DeFi is an experimental and risky space, requiring users to navigate cautiously to protect their assets. Despite these limitations, DeFi has the potential to bring financial inclusion and freedom to a larger population worldwide. As of 2023, the leading decentralized exchange Uniswap even surpassed one of the largest centralized cryptocurrency exchanges in trading volume on the futures market, indicating strong growth in the DeFi sector. Common DeFi uses include lending and borrowing, decentralized exchanges, liquidity provision, staking, and yield farming, which we will explore in more detail in Section 2. However, DeFi applications extend beyond these examples. Decentralized banking services, including mortgages and insurance, have the potential to eliminate intermediaries and significantly reduce costs. Moreover, the DeFi ecosystem continues to explore numerous use cases, reflecting its ongoing innovative development in this exciting field.

Access to DeFi services is relatively straightforward. You only need a cryptocurrency wallet and some cryptocurrency assets. There are many wallet options, including browser extensions such as Metamask, mobile wallets like Trust Wallet in EVM networks like Ethereum, and many others (Ton Spaces, TonKeeper in TON).

When using DeFi services, it’s important to remember that depending on the blockchain you choose, different types of cryptocurrencies may be required to pay transaction fees. For example, operations on Binance Smart Chain will require BNB, Ethereum operations will need Ether, and in the TON network, Toncoin. These fees go towards rewarding those who maintain the security and functionality of the blockchain.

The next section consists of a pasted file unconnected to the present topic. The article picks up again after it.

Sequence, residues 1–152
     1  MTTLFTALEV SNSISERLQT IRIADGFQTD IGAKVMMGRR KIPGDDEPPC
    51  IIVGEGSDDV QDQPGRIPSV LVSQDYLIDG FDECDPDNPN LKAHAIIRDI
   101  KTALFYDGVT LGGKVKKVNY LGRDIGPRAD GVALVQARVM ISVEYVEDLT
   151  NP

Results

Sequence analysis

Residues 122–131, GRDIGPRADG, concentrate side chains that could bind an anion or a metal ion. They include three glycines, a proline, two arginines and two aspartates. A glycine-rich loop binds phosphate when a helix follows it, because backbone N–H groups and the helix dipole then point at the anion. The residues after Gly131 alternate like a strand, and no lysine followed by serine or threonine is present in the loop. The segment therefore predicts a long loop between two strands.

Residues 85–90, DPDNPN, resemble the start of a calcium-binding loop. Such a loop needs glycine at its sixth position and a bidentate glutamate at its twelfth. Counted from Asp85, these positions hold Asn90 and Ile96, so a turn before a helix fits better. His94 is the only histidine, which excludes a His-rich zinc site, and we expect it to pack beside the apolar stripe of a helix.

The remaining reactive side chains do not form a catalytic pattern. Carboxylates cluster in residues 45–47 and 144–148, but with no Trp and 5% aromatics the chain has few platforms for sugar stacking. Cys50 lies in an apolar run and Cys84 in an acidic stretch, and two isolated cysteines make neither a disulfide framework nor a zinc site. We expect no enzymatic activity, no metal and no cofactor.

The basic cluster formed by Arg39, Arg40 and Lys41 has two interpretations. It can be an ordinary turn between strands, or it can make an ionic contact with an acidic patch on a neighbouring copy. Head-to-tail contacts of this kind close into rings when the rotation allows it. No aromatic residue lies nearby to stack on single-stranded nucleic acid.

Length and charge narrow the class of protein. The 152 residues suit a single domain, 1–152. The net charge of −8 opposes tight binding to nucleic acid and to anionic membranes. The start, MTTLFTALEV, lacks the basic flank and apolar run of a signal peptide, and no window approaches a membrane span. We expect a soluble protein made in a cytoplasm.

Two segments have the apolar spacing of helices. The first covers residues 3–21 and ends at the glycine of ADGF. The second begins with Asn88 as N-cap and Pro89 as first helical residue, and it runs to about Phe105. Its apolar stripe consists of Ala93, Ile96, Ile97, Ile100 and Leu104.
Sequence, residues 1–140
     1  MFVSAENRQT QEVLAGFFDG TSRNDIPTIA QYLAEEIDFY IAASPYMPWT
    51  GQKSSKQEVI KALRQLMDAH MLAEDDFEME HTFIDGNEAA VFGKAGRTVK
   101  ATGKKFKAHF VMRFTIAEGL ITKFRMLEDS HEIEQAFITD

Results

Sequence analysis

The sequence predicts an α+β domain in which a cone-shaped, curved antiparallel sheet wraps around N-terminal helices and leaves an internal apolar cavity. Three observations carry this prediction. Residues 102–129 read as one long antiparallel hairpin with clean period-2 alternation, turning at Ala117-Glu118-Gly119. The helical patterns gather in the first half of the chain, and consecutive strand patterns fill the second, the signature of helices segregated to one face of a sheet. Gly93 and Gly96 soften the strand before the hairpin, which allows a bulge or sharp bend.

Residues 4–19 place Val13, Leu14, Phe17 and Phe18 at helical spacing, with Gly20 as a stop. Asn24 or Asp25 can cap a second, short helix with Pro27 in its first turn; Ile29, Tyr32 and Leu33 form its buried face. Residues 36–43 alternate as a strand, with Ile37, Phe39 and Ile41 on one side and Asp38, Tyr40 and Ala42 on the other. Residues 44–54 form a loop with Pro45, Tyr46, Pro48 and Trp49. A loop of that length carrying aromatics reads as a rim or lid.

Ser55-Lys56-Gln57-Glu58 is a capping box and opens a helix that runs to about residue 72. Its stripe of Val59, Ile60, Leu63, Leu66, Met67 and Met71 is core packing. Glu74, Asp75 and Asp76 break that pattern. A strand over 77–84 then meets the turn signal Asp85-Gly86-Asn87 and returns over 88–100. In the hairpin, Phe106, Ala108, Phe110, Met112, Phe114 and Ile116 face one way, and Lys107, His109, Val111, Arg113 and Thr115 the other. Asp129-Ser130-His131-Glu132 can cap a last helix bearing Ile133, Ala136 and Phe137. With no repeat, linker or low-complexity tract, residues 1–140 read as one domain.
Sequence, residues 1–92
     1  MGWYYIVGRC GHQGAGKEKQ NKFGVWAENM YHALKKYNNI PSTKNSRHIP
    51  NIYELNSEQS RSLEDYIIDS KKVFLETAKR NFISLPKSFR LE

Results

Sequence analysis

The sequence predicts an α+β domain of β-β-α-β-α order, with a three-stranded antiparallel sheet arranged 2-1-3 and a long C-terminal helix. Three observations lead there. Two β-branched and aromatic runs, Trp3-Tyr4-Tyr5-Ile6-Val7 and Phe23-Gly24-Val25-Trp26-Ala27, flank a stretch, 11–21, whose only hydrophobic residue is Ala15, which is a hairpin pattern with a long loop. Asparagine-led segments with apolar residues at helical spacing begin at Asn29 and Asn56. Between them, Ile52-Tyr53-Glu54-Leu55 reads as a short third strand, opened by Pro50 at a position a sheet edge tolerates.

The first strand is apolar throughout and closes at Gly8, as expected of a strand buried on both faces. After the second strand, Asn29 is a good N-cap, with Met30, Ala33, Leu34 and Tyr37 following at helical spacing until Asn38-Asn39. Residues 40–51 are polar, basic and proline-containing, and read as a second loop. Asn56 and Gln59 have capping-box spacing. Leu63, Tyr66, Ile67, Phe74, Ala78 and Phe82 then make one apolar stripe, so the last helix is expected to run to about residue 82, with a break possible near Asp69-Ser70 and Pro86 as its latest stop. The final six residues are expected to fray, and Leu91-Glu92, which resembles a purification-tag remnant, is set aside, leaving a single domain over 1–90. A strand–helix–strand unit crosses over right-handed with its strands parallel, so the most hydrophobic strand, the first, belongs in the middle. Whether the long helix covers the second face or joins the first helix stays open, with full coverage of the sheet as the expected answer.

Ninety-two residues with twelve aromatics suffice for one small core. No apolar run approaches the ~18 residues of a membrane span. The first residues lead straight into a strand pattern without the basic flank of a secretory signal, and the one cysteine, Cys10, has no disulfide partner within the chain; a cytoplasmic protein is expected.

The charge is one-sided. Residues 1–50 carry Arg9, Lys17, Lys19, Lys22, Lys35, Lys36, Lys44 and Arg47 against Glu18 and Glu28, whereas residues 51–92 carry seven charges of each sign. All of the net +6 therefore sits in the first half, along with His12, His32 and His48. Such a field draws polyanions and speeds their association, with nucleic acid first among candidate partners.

If you’re looking for convenience, it’s worth noting that some centralized exchanges offer access to DeFi. This can make the process easier, but you might have to pay slightly higher fees. Interestingly, thanks to some blockchains with low fees, DeFi protocols can successfully compete with traditional financial services.

In our next section, we will delve deeper into the history of the DeFi sector’s development to better understand how it has evolved to the present day.

This course was prepared by Julia Palamarchuk (co-founder of Aqua Protocol — the first CDP stablecoin on the TON blockchain, over-collateralized by liquid staking tokens).

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Aqua Protocol (Stablecoin on TON)

AquaUSD is the first TON-native decentralised over-collaterized interest-bearing stablecoin backed by liquid-staked assets